The largest rooftop solar array in New York City and on any U.S. airport terminal will brighten John F. Kennedy International Airport’s planned New Terminal One in a matter of years, according to the companies behind the project, which was revealed on Thursday.
The vast photovoltaic system—of more than 13,000 solar panels—will help power an independent microgrid set to transform the terminal “into the first fully resilient airport transit hub in the New York region,” according to the firms behind the project.
Because the airport is hardening itself against potential blackouts during storms, which is a major worry for any coastal facility, the project is regarded as a resiliency triumph. However, according to one energy specialist, the initiative will not enhance the bigger regional grid, from which the airport terminal might still draw a lot of power. Part of the problem stems from local restrictions that prohibit microgrids from supplying power to the entire neighborhood. Furthermore, the business that designs the microgrids claims that it cannot create surplus power.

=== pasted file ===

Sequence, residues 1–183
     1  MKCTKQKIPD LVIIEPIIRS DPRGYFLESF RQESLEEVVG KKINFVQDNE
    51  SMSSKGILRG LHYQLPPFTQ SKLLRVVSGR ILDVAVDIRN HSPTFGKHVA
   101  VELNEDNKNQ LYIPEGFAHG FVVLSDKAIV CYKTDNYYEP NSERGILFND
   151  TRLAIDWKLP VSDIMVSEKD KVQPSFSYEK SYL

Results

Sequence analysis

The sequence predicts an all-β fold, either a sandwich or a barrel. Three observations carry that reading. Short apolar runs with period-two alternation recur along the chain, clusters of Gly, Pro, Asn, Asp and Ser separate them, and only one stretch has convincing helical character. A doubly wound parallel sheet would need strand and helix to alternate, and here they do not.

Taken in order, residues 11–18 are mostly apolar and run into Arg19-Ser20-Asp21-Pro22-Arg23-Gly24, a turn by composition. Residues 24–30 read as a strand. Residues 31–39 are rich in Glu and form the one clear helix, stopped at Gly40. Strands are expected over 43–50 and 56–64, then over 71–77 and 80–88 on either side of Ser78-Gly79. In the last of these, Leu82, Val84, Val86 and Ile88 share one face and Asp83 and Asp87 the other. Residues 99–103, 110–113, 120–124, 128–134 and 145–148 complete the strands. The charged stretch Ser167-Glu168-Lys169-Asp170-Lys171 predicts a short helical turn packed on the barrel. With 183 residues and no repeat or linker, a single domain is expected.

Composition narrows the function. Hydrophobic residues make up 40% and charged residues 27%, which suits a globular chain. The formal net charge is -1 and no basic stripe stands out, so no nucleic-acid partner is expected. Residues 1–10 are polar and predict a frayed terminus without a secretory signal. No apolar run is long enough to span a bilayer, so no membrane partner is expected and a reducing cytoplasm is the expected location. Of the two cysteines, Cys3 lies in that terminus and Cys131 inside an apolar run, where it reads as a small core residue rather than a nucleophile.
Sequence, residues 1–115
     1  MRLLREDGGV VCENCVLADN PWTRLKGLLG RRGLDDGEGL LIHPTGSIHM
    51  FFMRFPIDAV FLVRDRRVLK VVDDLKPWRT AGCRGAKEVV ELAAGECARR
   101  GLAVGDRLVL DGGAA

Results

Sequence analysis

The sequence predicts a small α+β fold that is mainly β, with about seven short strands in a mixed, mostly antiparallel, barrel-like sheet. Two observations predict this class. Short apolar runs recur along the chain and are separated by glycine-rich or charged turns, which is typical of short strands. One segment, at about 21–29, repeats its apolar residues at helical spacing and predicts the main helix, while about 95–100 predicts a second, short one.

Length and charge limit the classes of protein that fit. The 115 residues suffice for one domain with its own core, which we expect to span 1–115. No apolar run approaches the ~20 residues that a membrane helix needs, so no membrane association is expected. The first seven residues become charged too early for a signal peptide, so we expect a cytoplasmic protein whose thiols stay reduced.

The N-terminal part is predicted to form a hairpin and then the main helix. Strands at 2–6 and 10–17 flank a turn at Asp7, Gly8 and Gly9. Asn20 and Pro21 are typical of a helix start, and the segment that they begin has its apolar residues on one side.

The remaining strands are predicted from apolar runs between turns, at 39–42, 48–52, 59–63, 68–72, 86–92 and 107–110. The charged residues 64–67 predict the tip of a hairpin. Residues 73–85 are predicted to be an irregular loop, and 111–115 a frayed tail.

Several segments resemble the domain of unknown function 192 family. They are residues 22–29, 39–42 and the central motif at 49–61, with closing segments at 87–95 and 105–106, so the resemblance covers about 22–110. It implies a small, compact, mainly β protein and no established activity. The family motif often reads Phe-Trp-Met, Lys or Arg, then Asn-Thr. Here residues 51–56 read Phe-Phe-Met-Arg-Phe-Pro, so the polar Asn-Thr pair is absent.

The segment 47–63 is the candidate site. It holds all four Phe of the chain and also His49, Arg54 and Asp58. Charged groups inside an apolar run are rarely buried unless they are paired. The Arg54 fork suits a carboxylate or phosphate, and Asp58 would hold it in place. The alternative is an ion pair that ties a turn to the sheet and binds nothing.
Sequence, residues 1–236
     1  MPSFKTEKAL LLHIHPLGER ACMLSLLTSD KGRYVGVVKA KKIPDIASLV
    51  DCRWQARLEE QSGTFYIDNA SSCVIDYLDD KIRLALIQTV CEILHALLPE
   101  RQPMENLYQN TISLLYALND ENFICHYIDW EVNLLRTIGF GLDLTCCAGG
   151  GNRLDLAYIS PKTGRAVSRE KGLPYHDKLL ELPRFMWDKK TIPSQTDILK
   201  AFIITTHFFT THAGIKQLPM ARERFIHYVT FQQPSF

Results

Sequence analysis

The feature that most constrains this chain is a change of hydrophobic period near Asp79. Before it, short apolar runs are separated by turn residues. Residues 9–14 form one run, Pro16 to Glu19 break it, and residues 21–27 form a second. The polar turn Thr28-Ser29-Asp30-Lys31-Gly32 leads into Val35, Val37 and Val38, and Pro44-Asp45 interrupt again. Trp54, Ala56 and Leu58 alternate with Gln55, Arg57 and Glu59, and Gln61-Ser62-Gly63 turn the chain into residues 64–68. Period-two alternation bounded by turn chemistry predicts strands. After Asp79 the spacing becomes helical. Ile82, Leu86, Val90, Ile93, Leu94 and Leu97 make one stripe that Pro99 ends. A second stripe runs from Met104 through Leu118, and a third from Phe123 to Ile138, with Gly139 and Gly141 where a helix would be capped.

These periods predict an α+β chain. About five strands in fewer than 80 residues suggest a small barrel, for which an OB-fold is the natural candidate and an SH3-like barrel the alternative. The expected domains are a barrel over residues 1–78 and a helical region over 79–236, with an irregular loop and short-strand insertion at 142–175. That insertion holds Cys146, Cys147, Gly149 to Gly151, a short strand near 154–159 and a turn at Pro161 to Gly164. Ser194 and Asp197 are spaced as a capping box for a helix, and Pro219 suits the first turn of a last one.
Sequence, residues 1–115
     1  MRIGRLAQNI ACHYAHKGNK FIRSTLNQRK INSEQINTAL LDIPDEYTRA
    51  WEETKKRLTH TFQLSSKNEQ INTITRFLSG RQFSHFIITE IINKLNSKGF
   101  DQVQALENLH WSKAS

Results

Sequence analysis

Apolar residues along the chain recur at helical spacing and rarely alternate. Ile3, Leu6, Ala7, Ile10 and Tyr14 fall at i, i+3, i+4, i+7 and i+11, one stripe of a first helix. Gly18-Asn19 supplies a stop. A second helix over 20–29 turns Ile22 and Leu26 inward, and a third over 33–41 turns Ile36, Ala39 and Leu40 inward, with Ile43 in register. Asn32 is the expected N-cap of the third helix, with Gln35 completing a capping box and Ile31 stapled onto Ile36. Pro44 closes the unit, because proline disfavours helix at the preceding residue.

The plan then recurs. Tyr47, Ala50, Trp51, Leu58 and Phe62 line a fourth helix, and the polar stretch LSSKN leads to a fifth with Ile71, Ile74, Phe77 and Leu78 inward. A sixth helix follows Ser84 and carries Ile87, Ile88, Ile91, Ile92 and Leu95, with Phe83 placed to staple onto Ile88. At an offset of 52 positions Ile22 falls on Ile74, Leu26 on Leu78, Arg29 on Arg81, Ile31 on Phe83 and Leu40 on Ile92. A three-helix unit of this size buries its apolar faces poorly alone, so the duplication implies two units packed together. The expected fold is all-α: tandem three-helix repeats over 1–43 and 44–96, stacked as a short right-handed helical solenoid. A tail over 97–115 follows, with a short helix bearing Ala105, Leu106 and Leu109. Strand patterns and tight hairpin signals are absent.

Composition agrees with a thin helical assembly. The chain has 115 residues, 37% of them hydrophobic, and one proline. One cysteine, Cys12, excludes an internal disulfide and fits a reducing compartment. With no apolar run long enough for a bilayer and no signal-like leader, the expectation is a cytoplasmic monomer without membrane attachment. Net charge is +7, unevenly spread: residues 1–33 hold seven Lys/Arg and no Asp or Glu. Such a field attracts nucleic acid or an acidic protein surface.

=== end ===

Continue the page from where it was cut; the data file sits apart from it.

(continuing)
JFK has contracted AlphaStruxure, an alternative energy solutions business, to design and build what will be four new microgrids—three when the new terminal opens in 2026 and the fourth when it is completed by 2030—to power its new terminal, which is due to open in 2026. The microgrids will be an interconnected system of various power sources, including more than 13,000 solar panels, batteries, and fuel cells.
Airports are interesting places for solar installations due to their large footprints, acres of parking lots, and voracious desire for power. According to a 2020 study conducted by the University of Colorado Denver, almost 20% of the country’s 488 public airports have installed solar panels since 2010. Denver International Airport, which currently has over 42,000 panels, is one of the trend’s leaders.